Date of Degree
Economic Theory | Finance | Income Distribution
wealth inequality, equity risk premium, durable good, habit formation, background risk
Economic and financial theories are often found to be in conflict with empirical evidence, suggesting revisions and elaborations of existing models. There are usually many revisions proposed in response to these "puzzles", but often the true resolution may be a factor not yet realized. This dissertation consists of three chapters and contributes to the explanation of a persistent and significant anomaly, the equity premium puzzle, by taking into account the implications of wealth inequality on consumer preferences and, consequently, on asset prices.
The first chapter examines how wealth inequality affects asset prices in a complete market setting. Wealth inequality is introduced through a mean preserving transfer of endowment. This creates the departure from an egalitarian distribution of wealth. It seems that wealth inequality is important to explain fluctuations in asset prices, as long as durability of the good and habit forming preferences of agents are considered.
The second chapter studies the relationship between wealth inequality and asset pricing in both complete and incomplete markets. To this end, we examine how wealth inequality affects the equilibrium level of the return on equity, the risk free rate and, consequently, the equity premium, in an exchange economy with identical agents, except for their initial endowment. The novelty of our approach is that (i) we incorporate a single durable good and habit forming preferences of agents and (ii) calibrate our model with updated data on wealth inequality. For our calibrations we introduce two equally weighted classes and three unequally weighted classes of wealth. We also explore the effects of the addition of an non-hedgeable labor income risk, which creates an element of market incompleteness to our model. The following results are documented: In complete markets, and under certain conditions, wealth inequality can drive the equity premium up to its historically observed levels, when there is a single durable good or the agents exhibit internal habit persistence with substitutability of consumption. In incomplete markets, the presence of a larger background risk is required to drive the equity premium down, when good is durable or when agents exhibit internal habit persistence and a lower level of background risk is required when agents have external habits.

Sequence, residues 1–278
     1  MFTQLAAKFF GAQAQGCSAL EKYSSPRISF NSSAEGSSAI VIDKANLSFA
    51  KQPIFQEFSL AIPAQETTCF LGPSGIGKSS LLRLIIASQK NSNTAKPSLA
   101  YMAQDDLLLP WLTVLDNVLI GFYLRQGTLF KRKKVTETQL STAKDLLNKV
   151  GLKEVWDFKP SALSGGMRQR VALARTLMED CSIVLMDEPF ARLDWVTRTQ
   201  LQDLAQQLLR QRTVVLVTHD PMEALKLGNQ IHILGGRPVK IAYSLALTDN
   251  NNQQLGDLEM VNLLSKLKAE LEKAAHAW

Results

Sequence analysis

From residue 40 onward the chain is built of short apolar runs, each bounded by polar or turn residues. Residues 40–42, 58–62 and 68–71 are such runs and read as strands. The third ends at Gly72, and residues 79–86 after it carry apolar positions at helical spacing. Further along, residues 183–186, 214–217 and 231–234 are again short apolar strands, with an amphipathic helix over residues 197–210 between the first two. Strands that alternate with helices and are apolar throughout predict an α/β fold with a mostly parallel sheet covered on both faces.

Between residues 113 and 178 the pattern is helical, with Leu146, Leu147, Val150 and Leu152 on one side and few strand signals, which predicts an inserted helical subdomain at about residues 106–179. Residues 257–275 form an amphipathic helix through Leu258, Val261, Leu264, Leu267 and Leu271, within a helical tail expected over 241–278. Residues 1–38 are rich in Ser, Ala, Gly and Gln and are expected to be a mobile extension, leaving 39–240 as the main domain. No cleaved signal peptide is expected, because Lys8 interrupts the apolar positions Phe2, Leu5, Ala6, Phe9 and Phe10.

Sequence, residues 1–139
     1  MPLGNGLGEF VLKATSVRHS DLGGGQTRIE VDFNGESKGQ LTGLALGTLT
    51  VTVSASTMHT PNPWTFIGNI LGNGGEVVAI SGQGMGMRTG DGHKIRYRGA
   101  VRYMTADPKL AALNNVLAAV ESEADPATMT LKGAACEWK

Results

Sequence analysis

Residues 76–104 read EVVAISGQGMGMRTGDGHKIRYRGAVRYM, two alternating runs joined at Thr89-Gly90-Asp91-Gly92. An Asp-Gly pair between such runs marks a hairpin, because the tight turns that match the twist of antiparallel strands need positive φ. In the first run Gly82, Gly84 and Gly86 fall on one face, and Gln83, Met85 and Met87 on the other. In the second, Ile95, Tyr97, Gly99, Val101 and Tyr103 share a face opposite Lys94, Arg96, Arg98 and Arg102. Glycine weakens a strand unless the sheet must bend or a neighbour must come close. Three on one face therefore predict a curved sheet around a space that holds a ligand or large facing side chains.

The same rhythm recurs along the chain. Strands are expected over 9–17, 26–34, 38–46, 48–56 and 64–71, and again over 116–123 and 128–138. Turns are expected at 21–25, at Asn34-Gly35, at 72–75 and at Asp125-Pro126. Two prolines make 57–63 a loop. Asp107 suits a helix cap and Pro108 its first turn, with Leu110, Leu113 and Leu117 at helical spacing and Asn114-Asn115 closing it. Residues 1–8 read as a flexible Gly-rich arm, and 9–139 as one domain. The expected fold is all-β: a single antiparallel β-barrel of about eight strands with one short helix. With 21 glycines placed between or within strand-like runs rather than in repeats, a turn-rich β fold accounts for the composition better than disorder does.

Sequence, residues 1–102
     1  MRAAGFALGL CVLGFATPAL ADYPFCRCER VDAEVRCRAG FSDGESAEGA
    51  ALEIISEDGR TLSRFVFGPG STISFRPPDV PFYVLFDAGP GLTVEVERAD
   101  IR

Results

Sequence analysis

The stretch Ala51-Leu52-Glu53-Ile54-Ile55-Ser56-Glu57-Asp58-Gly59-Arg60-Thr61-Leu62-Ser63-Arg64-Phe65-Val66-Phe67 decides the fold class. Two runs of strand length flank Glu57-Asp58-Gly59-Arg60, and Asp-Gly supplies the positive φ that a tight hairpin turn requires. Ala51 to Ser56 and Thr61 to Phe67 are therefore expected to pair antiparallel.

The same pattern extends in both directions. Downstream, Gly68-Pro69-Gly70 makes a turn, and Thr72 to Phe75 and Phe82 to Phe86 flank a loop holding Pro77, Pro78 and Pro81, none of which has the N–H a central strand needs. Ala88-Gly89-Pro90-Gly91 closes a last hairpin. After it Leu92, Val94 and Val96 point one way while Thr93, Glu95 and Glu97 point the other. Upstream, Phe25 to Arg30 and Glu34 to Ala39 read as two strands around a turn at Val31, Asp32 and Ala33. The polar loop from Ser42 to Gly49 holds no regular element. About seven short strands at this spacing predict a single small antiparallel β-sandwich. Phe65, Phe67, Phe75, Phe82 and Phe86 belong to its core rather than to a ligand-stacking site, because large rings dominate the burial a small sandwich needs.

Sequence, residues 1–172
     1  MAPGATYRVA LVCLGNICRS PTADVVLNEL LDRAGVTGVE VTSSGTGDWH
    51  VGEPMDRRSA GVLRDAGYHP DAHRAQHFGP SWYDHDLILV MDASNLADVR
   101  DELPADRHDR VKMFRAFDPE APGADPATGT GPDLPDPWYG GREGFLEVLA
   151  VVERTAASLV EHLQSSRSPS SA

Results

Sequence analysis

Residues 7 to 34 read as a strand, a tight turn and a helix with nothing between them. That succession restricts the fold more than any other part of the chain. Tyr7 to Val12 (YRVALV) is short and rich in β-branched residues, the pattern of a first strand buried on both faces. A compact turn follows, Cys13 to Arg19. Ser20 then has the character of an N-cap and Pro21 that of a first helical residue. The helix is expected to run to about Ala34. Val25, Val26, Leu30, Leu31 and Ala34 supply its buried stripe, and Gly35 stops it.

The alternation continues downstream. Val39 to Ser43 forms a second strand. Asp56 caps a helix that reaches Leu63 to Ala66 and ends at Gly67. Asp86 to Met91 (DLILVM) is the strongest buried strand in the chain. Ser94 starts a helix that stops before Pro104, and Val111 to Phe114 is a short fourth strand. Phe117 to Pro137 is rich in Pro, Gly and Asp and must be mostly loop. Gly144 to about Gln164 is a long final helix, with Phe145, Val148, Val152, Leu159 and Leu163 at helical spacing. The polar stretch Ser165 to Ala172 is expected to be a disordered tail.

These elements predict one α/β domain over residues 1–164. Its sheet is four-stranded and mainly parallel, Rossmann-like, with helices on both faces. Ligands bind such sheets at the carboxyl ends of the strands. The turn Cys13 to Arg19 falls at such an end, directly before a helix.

The third chapter investigates the implications of wealth inequality on prices of durable assets in an economy with Epstein Zin preferences of agents. Wealth inequality does not affect asset prices in fully insurable markets but has an important effect in incomplete markets. When agents have a stronger preference for resolution of uncertainty, durability decreases the equity premium, while, for agents with a weaker preference for resolution of uncertainty, a durable good increases the equity premium. Furthermore, departing from an egalitarian economy can even cause a reduction of the equity risk premium. Questions are raised about the level of background risk, required to decrease the equity premium in the unequal economy.
Koimisis, Georgios, "Essays on Wealth Inequality and Asset Pricing" (2018). CUNY Academic Works.
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